NY CLS Penal § 195.00
A public servant is guilty of official misconduct when, with intent to obtain a benefit or deprive another person of a benefit:
1. He commits an act relating to his office but constituting an unauthorized exercise of his official functions, knowing that such act is unauthorized; or
2. He knowingly refrains from performing a duty which is imposed upon him by law or is clearly inherent in the nature of his office.
Official misconduct is a class A misdemeanor.
Granted, Coercion sounds more fun, especially in mixed company and after a few rounds of Jim Beam, but Official Misconduct could be more on point.
The problem is, does anyone really want to be charged, let alone convicted, of Official Misconduct? It's only a misdemeanor. It shows a true lack of ambition and imagination. Theoretically, jail time is possible, but just county time, not state pen time and few people can really pull-off an orange jumper. Not to mention the embarrassment:
Murder Defendant: What you in for, man?
Political Hack: Ummm....omphduct.
Murder Defendant: What?
Political Hack: mmph uct.
Murder Defendant: Say what?
Political Hack: Official Misconduct.
Murder Defendant: You steal money or sumfin'?
Political Hack: Uh...no....I used a city phone for political purposes.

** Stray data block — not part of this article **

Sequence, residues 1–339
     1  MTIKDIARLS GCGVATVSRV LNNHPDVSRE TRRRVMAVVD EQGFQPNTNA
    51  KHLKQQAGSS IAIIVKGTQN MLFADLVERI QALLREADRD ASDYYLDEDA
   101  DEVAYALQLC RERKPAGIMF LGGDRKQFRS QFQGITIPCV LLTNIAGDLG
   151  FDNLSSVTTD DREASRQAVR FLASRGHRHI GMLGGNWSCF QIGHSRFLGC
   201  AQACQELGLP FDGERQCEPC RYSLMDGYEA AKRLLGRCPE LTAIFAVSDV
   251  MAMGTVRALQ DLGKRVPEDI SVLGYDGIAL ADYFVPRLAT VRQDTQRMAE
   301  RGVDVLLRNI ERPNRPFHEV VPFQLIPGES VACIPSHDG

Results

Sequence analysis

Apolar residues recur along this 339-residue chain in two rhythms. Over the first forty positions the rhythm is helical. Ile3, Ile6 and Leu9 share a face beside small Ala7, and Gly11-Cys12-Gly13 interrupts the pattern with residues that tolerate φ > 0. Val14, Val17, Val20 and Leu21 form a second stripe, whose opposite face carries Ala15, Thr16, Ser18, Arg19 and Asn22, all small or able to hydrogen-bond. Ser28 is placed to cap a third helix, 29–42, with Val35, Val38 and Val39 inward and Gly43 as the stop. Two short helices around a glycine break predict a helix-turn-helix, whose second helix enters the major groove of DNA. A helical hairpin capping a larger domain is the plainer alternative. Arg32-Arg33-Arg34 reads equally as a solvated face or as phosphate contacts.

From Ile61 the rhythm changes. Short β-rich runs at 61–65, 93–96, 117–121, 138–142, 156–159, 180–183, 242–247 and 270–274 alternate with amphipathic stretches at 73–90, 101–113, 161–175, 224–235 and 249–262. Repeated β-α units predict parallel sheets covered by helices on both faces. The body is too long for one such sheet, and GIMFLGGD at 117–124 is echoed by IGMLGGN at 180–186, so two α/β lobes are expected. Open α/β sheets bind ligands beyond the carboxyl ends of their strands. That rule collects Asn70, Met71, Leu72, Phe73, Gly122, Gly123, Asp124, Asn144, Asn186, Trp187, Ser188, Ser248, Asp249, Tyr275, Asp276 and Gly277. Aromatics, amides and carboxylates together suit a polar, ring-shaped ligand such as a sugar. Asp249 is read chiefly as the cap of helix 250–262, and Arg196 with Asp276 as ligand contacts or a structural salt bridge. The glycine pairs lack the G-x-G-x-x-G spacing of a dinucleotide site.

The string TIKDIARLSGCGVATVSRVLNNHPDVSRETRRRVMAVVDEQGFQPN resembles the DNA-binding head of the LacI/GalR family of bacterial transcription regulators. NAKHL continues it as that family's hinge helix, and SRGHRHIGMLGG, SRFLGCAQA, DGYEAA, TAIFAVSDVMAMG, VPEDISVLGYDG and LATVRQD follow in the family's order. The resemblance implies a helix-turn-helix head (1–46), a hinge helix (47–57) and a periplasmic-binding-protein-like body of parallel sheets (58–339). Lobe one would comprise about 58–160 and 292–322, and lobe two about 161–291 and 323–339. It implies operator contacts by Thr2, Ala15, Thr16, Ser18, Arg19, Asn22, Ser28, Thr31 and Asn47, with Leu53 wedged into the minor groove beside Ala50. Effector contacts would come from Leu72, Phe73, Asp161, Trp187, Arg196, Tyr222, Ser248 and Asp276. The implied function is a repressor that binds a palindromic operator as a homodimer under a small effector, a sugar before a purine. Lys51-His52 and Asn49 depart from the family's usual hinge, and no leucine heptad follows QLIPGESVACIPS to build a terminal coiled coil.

Murder Defendant: Bitch!
The whole scenario is awkward and uncomfortable for everyone. Then, to establish any type of respect, you'll have to shiv someone in the shower. The whole thing could be a drag.
We don't know if Official Misconduct is applicable. You can decide for yourself. Perhaps the Special Prosecutor will consider this particular statute. Maybe the definition of 'benefit' is limited in scope. One side note, it appears that a conviction under this statute results in automatic removal from office. Period. End of story, even if the conviction is appealed.
So, we must keep in mind that the allegations may or may not constitute a crime. If there is a prosecution, there will be no jail time, just lots of good laughs as what comes around goes around.
These allegations are not about using a phone for a political campaign. Councilmen Wojcik and Krogh both work for the County of Rensselaer. Would it be wrong for them to phone a contributor from work, to....invite them to a fundraiser? Schedule a campaign meeting? Yes, it would be wrong. Would it be a big deal? No, people make mistakes, people get sloppy.
Here, the allegations really must be distilled to their essence: A conspiracy to lie to the voters and manipulate an election. It goes to the very heart of our democracy. It's no different than Watergate, albeit on a smaller, more pathetic stage. That's what we're talking about here, it's not merely about using a phone once or twice for something other than official city business.
One wonders if this incident will, much like the Valerie Plame matter, recede into the background as more serious allegations of corruption surface. Allegations that have nothing to do with Mr. Buell, Crawley or City Hall.
Remember though, this is Rensselaer County, where the official Ethical Standard is, "There was no indictment."
Thank you, you've been a great audience.